organ-pipe cactus

Organ Pipe Cactus National Monument

National monument, southwestern Arizona, U.S., at the Mexican border. It was established in 1937. With an area of 330,689 acres (133,929 hectares), it preserves segments of the mountainous Sonoran Desert and is named for the organ-pipe cactus. Wildlife includes Gila monsters, antelope, coyotes, and a variety of birds.

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Organ Pipe Cactus National Monument is a U.S. National Monument located in extreme southern Arizona which shares a border with the Mexican state of Sonora. The park is the only place in the United States where the Organ Pipe Cactus grows wild. Along with Organ Pipe, many other types of cacti, as well as other desert flora native to the Sonoran Desert grow here. The Park is a beautiful preservation of the American Southwest.

Land for the graded road through the Monument was donated by the Arizona state legislature to the federal government during Prohibition knowing that the north-south road would be improved and make contraband alcohol easier to import from Mexico. In 1937 the land was officially opened as a national monument.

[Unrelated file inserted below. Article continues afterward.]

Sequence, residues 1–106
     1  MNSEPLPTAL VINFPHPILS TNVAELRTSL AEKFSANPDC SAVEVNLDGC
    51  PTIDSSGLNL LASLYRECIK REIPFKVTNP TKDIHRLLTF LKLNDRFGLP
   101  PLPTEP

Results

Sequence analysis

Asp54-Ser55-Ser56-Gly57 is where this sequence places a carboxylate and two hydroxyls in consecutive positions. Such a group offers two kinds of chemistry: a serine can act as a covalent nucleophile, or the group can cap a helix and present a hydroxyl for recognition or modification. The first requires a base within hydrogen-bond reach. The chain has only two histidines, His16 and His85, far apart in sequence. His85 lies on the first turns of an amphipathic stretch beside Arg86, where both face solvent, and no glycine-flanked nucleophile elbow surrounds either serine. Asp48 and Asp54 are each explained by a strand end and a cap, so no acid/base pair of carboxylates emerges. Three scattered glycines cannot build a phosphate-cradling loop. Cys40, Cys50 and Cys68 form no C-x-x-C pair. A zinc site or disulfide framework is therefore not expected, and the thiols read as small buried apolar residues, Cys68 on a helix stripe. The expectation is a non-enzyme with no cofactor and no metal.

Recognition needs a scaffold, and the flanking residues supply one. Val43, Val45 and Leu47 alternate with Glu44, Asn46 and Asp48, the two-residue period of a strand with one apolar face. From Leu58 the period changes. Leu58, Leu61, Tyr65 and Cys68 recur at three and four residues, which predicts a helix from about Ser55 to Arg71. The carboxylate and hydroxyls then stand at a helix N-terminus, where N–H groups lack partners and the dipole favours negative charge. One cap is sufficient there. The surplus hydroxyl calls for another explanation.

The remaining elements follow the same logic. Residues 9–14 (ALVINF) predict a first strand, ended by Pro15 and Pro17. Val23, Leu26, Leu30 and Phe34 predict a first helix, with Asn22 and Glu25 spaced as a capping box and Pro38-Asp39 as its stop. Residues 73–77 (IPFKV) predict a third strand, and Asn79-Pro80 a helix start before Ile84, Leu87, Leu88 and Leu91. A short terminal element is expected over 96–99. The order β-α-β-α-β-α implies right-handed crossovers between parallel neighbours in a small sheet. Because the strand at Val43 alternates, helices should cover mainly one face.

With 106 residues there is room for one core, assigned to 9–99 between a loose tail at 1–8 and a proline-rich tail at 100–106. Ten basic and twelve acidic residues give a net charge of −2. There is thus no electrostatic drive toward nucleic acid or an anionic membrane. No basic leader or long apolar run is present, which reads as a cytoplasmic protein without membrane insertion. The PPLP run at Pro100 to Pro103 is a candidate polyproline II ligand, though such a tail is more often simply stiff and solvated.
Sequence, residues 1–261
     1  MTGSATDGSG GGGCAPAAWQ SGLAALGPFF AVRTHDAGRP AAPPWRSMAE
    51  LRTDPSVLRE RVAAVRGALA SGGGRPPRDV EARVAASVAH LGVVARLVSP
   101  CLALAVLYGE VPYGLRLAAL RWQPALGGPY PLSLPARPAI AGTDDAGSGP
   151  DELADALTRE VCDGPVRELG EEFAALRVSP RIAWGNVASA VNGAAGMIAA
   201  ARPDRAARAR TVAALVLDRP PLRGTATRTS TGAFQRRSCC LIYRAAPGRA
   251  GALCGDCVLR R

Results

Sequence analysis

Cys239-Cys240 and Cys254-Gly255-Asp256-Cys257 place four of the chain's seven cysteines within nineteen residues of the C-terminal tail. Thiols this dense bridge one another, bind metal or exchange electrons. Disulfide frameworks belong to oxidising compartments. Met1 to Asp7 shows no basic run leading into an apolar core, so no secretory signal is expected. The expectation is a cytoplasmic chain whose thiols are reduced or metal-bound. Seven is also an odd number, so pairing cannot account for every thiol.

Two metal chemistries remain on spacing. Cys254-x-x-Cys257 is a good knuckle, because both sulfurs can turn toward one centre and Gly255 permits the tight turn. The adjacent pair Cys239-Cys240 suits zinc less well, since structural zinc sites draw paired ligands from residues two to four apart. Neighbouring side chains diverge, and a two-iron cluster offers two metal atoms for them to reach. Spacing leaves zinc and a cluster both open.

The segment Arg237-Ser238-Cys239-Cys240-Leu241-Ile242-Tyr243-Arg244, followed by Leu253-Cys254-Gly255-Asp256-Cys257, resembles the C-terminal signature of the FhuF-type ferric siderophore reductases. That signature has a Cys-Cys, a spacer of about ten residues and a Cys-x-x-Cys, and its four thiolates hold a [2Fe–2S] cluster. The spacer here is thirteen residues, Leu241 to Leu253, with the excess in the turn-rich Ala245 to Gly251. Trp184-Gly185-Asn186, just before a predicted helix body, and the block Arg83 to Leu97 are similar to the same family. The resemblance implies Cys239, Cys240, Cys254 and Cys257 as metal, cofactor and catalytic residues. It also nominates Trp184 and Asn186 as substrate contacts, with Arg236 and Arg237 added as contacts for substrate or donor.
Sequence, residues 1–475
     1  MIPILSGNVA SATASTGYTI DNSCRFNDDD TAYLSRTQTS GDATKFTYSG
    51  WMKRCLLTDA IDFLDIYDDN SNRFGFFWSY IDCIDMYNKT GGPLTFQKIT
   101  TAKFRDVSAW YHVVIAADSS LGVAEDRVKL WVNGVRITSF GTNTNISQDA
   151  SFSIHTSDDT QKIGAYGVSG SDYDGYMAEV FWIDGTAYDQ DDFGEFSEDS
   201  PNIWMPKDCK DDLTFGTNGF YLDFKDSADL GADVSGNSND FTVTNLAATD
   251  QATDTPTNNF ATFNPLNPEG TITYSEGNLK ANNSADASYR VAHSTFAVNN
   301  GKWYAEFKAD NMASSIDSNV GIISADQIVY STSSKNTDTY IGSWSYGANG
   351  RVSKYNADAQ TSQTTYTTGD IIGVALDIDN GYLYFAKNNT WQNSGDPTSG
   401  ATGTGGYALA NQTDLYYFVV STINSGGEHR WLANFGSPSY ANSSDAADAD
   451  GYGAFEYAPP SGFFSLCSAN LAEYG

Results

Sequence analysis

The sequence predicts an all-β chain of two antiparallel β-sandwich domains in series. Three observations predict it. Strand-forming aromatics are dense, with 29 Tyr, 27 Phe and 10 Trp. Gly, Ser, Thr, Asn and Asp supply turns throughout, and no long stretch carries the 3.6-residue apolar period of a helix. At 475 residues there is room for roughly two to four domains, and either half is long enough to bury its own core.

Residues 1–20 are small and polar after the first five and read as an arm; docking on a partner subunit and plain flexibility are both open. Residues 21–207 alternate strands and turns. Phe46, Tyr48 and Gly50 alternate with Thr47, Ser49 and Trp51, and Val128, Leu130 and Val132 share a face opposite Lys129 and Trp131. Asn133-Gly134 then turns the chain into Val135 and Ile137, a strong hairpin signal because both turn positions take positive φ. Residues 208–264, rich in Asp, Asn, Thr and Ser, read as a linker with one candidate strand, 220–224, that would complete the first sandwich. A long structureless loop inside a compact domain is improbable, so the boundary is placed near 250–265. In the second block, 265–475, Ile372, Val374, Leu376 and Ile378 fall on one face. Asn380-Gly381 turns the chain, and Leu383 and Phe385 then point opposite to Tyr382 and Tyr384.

Its position on the Mexican border has led to much criminal activity involving illegal immigrants and drug traffic within the park. On August 9, 2002, Ranger Kris Eggle was shot and killed by a suspected Mexican drug smuggler during a US Border Patrol operation. The visitor center has been named in his honor.

At the north entrance of the park is the city of Why, Arizona; the town of Lukeville, Arizona, sits at the park's southern border. Lukeville is a border crossing point to Sonoita, Sonora, Mexico.

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